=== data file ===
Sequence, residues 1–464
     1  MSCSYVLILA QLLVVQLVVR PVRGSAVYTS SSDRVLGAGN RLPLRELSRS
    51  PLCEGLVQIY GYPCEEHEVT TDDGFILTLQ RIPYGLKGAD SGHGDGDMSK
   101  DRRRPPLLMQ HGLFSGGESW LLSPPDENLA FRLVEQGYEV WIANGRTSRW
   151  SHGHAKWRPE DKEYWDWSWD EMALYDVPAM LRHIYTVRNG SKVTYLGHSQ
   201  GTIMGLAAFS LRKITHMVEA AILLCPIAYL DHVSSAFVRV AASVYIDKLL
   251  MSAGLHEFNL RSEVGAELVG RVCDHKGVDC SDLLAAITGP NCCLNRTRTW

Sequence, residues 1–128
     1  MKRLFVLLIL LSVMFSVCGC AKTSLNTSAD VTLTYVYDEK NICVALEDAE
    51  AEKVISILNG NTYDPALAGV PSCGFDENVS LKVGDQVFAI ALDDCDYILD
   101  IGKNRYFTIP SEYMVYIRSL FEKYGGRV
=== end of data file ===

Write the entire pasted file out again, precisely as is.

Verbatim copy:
Sequence, residues 1–464
     1  MSCSYVLILA QLLVVQLVVR PVRGSAVYTS SSDRVLGAGN RLPLRELSRS
    51  PLCEGLVQIY GYPCEEHEVT TDDGFILTLQ RIPYGLKGAD SGHGDGDMSK
   101  DRRRPPLLMQ HGLFSGGESW LLSPPDENLA FRLVEQGYEV WIANGRTSRW
   151  SHGHAKWRPE DKEYWDWSWD EMALYDVPAM LRHIYTVRNG SKVTYLGHSQ
   201  GTIMGLAAFS LRKITHMVEA AILLCPIAYL DHVSSAFVRV AASVYIDKLL
   251  MSAGLHEFNL RSEVGAELVG RVCDHKGVDC SDLLAAITGP NCCLNRTRTW

Sequence, residues 1–128
     1  MKRLFVLLIL LSVMFSVCGC AKTSLNTSAD VTLTYVYDEK NICVALEDAE
    51  AEKVISILNG NTYDPALAGV PSCGFDENVS LKVGDQVFAI ALDDCDYILD
   101  IGKNRYFTIP SEYMVYIRSL FEKYGGRV